In order to perform genome-wide association studies (GWAS), develop systems biology models and produce superior biomass feedstocks with many favorable characteristics, large sample populations of naturally varying genotypes and phenotypes must be studied. The measurement of certain phenotypes in large sample populations can be cumbersome if high-throughput methodologies are not available. High-throughput methods using unmanned aerial vehicles (UAV) have been developed for the measurement of growth traits in plants and rapid biomass characterization methods have been established for estimation of lignin and sugar content and enzymatic recalcitrance [6, 7]. Comprehensive secondary metabolite profiles of biomass samples are difficult to achieve in high-throughput pipelines due to the number of steps required to prepare, extract and analyze samples. Typically, biomass samples are homogenized, extracted with solvent, with metabolites potentially needing to then be derivatized prior to undergoing chromatography prior to detection, identification, and quantitation of individual metabolite components. While comprehensive metabolomics relies on highly resolved and unbiased methods capable of distinguishing and quantifying specific metabolites, these methods are not necessarily conducive to large sample set analysis in a reasonable timeframe, particularly if there are many metabolites present in the extracts. There have been a number of high-throughput metabolic screening methods developed for plant metabolomics, particularly involving the use of NMR [8] advanced mass spectrometry [9] and colorimetric [10] approaches to analyze extracts. Also, the rapid determination of biomass cell wall polymer content and composition has been achieved using minimal sample preparation followed by analysis using near-infrared spectroscopy or pyrolysis-Molecular Beam Mass Spectrometry [7]. However, high-throughput methods used to screen or estimate plant metabolite profiles prior to in-depth metabolite characterization, particularly with minimal sample preparation or without extraction methodology, are lacking. Rapid screening techniques for plant metabolomics could provide insight that would alleviate pressure on comprehensive pipelines by providing down-selection criteria and prioritization of samples for analysis. High-throughput metabolite screening may also provide data that could be used directly to develop plant biology systems models and advance genomics research.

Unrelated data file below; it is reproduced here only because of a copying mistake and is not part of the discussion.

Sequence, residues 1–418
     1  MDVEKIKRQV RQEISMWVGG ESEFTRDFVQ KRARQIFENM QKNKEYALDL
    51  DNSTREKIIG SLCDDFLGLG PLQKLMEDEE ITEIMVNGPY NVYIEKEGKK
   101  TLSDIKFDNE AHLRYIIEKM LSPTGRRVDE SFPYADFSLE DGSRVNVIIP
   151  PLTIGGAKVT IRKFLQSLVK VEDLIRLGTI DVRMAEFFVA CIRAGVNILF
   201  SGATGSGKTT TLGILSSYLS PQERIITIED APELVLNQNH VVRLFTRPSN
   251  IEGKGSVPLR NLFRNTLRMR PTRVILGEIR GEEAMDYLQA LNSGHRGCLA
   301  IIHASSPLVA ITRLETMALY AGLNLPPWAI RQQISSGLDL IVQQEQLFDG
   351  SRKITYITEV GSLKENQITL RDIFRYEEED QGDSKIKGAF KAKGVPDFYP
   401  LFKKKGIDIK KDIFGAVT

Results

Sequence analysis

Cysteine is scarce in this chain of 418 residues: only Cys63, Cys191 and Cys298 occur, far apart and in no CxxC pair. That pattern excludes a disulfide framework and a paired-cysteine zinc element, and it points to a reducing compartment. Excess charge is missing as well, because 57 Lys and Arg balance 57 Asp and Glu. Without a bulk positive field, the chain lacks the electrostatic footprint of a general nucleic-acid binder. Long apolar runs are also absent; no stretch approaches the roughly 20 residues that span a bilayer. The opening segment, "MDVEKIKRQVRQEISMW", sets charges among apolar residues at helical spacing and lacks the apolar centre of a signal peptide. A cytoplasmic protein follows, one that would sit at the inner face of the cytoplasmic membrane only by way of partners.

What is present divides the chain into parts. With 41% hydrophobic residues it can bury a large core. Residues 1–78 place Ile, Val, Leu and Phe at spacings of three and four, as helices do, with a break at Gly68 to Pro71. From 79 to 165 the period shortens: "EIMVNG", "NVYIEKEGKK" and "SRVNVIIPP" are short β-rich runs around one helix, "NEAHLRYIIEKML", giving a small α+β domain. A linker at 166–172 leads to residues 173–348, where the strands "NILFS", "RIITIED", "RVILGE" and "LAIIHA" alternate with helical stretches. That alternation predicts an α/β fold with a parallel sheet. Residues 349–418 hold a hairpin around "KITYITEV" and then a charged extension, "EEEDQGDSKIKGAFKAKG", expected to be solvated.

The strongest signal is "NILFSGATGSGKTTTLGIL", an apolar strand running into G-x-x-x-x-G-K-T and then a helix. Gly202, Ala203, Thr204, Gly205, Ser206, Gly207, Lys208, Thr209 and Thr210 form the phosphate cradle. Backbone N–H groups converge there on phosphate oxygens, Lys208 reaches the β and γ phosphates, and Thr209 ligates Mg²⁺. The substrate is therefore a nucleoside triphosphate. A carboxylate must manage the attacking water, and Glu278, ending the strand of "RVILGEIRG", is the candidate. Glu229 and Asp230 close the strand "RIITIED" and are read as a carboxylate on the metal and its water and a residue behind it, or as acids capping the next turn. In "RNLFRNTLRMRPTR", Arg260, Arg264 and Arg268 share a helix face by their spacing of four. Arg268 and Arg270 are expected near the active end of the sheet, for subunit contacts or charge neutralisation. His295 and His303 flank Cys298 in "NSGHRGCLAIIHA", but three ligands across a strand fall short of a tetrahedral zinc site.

Here, we report the analysis of Populus trichocarpa leaves using pyrolysis-Molecular Beam Mass Spectrometry (py-MBMS) as a screening technique for metabolomics analysis. Two separate sets of leaves were analyzed where one set was used to build spectroscopic strategies for metabolite predictions using GC/MS analysis of extracts and the other set was ranked according to extractable aromatic metabolite composition and validated using GC/MS analysis of extracts. PLS models were also constructed from the two sets of leaves to demonstrate the ability to use py-MBMS data to predict extractable aromatic metabolite content in extract when a priori metabolite data are available within an analysis set; as well as to show differences in metabolic profiles across different sample sets. Greater than 250 milled and lyophilized whole biomass samples can be analyzed daily by the simplified py-MBMS screening method without any additional sample preparation (in comparison to GC/MS which requires extraction of milled leaf material, dry-down and derivatization of extract followed by dilution). Additionally, Py-MBMS simultaneously provided estimations of lignin content and monolignol composition in the leaf samples.


Metabolite profiles of P. trichocarpa leaves